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Hong Kong tumbling office rents attract companies back to Central

Central, Hong Kong’s prime business district, sees 15-year high in its vacancy rate at 7.6 percent 

Grade A office rents have dropped circa 25 percent over an 18-month period. Cozyta/Shutterstock

In Hong Kong, multinational companies are moving back to Central, the city’s prime business district, as office rents are tumbling by a quarter from two years ago, offering firms the opportunity to get an address in Hong Kong’s iconic buildings, reported South China Morning Post 

S&P is relocating to Three Exchange Square in Connaught Place, the complex that also houses the Hong Kong stock exchange and the Hong Kong International Arbitration Centre.  

Moreover, better rental packages have persuaded private equity firm FountainVest Partners to move to IFC, one of Hong Kong island’s trophy buildings. According to Colliers, FountainVest leased 9,000 square feet at HKD130 (USD16.7) per square feet, around seven percent lower than the rents a year ago.  

As stated by Savills, such moves followed Central’s 7.6 percent vacancy rate, which equals 1.2 million square feet of empty space. This 15-year high vacancy rate also resulted in rents dropping by 3.8 percent.  

Fiona Ngan, head of office services at Colliers Hong Kong, said, “Flight to quality is certainly a trend which companies are looking at.”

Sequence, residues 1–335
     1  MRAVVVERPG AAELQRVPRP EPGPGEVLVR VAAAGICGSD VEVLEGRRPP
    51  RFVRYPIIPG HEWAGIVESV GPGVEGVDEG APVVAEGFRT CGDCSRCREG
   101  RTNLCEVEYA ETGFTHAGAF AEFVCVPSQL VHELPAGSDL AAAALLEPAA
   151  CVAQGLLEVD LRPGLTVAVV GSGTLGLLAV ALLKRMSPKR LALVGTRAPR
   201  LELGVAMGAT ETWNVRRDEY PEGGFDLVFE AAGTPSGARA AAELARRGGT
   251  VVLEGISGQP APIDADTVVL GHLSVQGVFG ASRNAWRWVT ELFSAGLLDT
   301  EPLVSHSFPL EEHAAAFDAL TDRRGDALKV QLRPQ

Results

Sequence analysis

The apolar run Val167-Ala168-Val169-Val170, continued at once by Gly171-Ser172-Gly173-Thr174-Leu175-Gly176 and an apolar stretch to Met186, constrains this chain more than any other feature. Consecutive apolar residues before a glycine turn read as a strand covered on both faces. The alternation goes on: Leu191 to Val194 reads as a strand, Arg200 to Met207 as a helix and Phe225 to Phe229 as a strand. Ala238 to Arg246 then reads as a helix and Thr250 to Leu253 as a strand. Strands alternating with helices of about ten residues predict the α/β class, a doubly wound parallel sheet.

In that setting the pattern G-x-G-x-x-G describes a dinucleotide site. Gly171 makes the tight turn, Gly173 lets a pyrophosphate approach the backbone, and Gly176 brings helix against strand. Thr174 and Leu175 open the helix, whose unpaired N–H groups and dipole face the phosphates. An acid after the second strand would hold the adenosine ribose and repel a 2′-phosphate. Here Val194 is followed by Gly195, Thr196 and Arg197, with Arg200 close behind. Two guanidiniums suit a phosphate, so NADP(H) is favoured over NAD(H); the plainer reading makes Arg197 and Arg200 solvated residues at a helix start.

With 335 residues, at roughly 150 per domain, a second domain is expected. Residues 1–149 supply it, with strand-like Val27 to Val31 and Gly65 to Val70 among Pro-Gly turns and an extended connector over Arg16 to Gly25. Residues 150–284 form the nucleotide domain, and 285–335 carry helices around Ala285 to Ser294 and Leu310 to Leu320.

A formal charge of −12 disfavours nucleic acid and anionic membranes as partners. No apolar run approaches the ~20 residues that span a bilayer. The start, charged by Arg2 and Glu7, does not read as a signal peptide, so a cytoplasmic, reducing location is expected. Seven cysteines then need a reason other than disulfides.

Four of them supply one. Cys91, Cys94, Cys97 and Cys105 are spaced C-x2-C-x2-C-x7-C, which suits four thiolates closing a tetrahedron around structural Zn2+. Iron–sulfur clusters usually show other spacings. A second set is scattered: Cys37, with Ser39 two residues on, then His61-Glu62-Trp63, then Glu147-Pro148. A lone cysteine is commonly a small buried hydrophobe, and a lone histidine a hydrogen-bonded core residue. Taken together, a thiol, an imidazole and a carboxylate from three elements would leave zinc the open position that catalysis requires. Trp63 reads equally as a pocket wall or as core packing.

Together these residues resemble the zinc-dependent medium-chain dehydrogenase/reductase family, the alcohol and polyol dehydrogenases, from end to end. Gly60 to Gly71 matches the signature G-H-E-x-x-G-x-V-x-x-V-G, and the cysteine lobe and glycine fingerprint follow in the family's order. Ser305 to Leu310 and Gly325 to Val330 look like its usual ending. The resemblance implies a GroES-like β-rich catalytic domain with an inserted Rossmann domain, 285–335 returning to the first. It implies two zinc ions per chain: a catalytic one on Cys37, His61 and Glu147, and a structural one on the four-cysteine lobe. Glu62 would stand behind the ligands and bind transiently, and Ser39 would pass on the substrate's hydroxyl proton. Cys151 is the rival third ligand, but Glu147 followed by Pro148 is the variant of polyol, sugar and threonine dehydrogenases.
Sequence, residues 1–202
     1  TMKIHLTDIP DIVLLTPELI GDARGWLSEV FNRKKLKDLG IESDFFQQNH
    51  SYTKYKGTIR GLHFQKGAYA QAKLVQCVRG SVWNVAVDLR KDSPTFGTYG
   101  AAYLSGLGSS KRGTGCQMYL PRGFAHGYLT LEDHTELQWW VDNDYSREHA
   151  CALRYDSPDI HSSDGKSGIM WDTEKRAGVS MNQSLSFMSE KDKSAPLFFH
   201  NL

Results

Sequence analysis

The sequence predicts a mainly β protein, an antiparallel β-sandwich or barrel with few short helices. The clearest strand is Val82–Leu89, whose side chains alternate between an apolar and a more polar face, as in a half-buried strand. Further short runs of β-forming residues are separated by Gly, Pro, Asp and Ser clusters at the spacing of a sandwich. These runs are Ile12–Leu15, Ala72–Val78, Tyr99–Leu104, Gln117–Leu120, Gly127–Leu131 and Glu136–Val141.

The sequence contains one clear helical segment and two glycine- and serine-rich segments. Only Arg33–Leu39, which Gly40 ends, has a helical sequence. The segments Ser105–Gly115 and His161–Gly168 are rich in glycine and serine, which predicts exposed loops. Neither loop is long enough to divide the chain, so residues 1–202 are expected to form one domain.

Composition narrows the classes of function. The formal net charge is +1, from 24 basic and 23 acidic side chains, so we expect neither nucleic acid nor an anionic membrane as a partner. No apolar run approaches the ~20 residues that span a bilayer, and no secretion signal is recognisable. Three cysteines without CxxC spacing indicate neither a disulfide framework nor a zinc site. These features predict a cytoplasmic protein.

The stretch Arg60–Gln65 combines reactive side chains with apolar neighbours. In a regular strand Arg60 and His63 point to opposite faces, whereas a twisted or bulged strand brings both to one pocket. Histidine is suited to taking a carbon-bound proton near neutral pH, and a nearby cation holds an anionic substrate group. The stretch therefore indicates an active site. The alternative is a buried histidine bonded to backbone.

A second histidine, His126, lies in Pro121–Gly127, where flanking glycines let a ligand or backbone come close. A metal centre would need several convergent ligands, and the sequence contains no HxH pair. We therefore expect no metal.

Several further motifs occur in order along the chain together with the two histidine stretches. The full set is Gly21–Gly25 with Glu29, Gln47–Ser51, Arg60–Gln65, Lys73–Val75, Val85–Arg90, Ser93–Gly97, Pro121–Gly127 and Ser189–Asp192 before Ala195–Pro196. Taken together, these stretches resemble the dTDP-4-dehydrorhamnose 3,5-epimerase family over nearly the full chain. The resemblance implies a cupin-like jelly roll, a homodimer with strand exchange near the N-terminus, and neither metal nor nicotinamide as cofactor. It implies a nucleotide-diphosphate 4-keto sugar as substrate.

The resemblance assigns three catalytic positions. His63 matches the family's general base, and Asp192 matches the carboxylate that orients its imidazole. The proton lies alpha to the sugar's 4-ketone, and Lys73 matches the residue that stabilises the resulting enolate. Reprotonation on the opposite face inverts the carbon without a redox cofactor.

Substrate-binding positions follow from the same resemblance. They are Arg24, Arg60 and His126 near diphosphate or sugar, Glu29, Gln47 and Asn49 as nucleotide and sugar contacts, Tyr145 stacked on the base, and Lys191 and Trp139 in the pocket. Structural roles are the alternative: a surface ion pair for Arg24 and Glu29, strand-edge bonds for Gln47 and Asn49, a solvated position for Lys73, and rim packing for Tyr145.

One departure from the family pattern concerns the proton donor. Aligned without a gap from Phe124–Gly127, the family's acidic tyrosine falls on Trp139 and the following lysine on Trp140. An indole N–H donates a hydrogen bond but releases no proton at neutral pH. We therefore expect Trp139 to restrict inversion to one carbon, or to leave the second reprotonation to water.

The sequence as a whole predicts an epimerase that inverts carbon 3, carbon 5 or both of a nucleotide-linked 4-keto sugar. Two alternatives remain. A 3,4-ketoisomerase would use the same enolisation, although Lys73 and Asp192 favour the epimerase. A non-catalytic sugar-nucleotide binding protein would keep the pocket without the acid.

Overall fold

“Grade A office rents have dropped circa 25 percent over an 18-month period so businesses can look to make the most of this drop and relocate to Central for the same cost from fringe or decentralised districts,” she added.  

During the peak of office rents in mid-2018, the gap between Central and Island East was around 175 percent, but this gap has reduced to 120 percent, as said by Colliers. Island East is popular among companies as a non-central office option on Hong Kong island.  

“In Central, rental declines and a stagnant 2020 have encouraged an increase in demand within the district, both for cost-saving moves that allow for changes in workplace standards, and equally, upgrading moves,” mentioned Alex Barnes, head of the office leasing advisory at JLL.  

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He added that “Two IFC for example has been a hotbed of activity in the last six months with tenants moving and expanding from nearby buildings into a trophy building. There is pressure on the district and market as a whole, but there are pockets of activity that are centred on these trends.”  

Daniel Wong, Midland IC&I CEO, said that other submarkets are also likely to see further rental drops, attracting more companies. Kowloon East is probable to underperform, with rents declining between five and 10 percent this year due to oversupply.  

“As a trend, we think that decentralisation will still take place,” Wong added.   

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